Julia Weissman Papers
Scope and Contents
The Julia Weissman Papers are related to the publication of Twentieth-Century American Folk Art and Artists (Dutton, 1974), which Weissman coauthored with Herbert Hemphill. The papers include some subject files relating to the publication, such as correspondence with publishers and others involved in the book, drafts of the manuscript, research material, and publicity. This content makes up approximately one linear foot of the collection. The rest of the material is artist files for the artists included in the book, which were created and compiled by Weissman. They include a large amount of photographs of both artists and the artwork, various licensing agreements related to the images for the book, correspondence with the artists and their executors, and publicity materials related to the artists.
- 1953 - 1998
- Weissman, Julia, (1917-2015) (Person)
Conditions Governing Access
The collection is open for research. Access to sensitive materials may be restricted at the discretion of the American Folk Art Museum.
Conditions Governing Use
The Julia Weissman Papers are owned by the American Folk Art Museum. The collection is subject to all copyright laws, and is dedicated to public use for research, study, and scholarship.
Julia Weissman (née Zlabovsky) was born in El Paso, Texas, in approximately 1917. As one of six children, she attended college there and then worked as a self-taught commercial artist and copywriter in a department store. After living in San Francisco briefly, Weissman moved to New York, where she regularly attended exhibitions at the American Folk Art Museum. In 1970, she felt quite moved by the exhibition Twentieth-Century Folk Art, curated by Herbert Hemphill, and approached the American Folk Art Museum about writing a book. Hemphill hired her to write the text for the 1972 exhibition The Fabric of the State, and they began their collaboration on Twentieth-Century American Folk Art and Artists soon after that.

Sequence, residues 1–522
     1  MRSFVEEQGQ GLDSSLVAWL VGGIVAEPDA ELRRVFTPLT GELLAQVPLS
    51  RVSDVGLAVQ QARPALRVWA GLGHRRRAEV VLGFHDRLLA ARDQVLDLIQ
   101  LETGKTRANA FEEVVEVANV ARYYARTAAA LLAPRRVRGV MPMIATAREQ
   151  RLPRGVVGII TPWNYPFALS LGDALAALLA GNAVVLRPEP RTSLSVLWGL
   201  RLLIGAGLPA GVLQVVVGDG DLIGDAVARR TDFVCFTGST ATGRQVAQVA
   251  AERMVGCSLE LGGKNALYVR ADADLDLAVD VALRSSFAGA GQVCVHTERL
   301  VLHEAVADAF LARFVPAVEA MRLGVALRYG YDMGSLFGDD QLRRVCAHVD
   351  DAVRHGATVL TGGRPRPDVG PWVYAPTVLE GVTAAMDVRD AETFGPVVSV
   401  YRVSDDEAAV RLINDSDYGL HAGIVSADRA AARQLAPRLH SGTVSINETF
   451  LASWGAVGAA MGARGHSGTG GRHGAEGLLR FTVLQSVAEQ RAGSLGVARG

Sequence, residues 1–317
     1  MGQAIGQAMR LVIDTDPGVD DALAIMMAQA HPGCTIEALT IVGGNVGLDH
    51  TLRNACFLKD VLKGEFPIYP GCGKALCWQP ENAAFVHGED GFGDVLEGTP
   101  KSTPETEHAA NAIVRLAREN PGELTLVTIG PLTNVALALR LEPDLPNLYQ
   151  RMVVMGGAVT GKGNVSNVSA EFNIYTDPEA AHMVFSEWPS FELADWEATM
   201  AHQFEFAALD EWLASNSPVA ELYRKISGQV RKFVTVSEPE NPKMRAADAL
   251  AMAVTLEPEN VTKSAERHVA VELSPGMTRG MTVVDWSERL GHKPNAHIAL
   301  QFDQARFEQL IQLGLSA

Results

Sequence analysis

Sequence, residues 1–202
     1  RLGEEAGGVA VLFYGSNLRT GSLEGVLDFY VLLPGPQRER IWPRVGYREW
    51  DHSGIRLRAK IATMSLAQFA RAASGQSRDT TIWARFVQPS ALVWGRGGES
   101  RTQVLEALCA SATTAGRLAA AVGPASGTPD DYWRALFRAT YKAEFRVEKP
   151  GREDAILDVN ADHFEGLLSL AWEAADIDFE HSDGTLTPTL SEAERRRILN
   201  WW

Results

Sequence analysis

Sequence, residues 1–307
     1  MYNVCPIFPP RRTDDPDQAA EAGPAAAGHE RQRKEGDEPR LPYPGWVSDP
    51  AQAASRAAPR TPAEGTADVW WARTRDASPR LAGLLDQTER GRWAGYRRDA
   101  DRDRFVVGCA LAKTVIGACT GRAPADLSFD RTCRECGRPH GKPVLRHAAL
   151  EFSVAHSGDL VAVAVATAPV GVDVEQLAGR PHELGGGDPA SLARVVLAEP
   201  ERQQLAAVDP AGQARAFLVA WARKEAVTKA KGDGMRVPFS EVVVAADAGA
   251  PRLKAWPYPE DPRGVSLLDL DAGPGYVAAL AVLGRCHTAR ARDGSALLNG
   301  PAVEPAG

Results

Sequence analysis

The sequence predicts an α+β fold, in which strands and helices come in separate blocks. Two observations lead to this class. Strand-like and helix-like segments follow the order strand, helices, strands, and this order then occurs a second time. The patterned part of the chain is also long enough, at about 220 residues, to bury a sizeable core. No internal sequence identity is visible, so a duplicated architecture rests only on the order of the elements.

Weissman’s work experience was diverse. It included art editing, book and magazine editing, freelance writing and editing, working as a nongovernmental organization representative at the United Nations, and teaching American regional and traditional cooking to Japanese women. She also spent time lecturing on American folk art at Hunter College, The New School for Social Research, and New York University.
Julia was married to Norman Weissman. They lived in Plainview, New York, and had two children. In 1991, they moved to Springfield, Virginia, to be closer to their children and grandchildren. Weissman passed away on October 15, 2015 after a brief illness.
Weissman wrote a history of how Twentieth-Century American Folk Art and Artists came to be written and published in her 1998 remembrance of Herbert Hemphill, published in Folk Art. It may be read at: http://issuu.com/american_folk_art_museum/docs/folkart_23_3_fall1998/8
4.00 cubic feet (standard document cases)
Language of Materials
The Julia Weissman Papers are the files that Julia Weissman kept during the process of writing the book Twentieth-Century American Folk Art and Artists with Herbert Waide Hemphill, published by Dutton in 1974, as well as files on artists that they did not include in the book. Included are some organizational and research files, including drafts of the publication. The majority of the material is artist files, and includes a large amount of correspondence with artists and/or their executors, as well as photographs of both the artwork and artists.
Some of the original order was lost when the collection was donated to the American Folk Art Museum. Folder headings are almost identical to Weissman’s original ones, although some are edited for clarity. Series 1: Material Related to Twentieth-Century American Folk Art and Artists is filed alphabetically and reflects original order. The following files were originally simply “artist files,” which included correspondence, clippings, press materials, and photographic materials. The photography was separated from the artist files because of preservation concerns, but an asterisk (*) is included in the container list for the folders where photography was removed.
Immediate Source of Acquisition
Gift of Julia Weissman, 1998
When the collection was given in 1998 and accessioned into the library reference material, it was grouped into several categories: (a) general materials relating to the preparation and publication of Twentieth-Century American Folk Art and Artists, (b) materials relating to individual artists included in the book, (c) material on artists not included, and (d) photographs and negatives. At this time, the two groups of artist files were alphabetized into one group, and the above categories were reduced to the three categories (or series) in this collection.
- A Guide to the Julia Weissman Papers
- Mimi Lester
- March 2015
- Description rules
- Describing Archives: A Content Standard
- Language of description
- Script of description
- Code for undetermined script
- Language of description note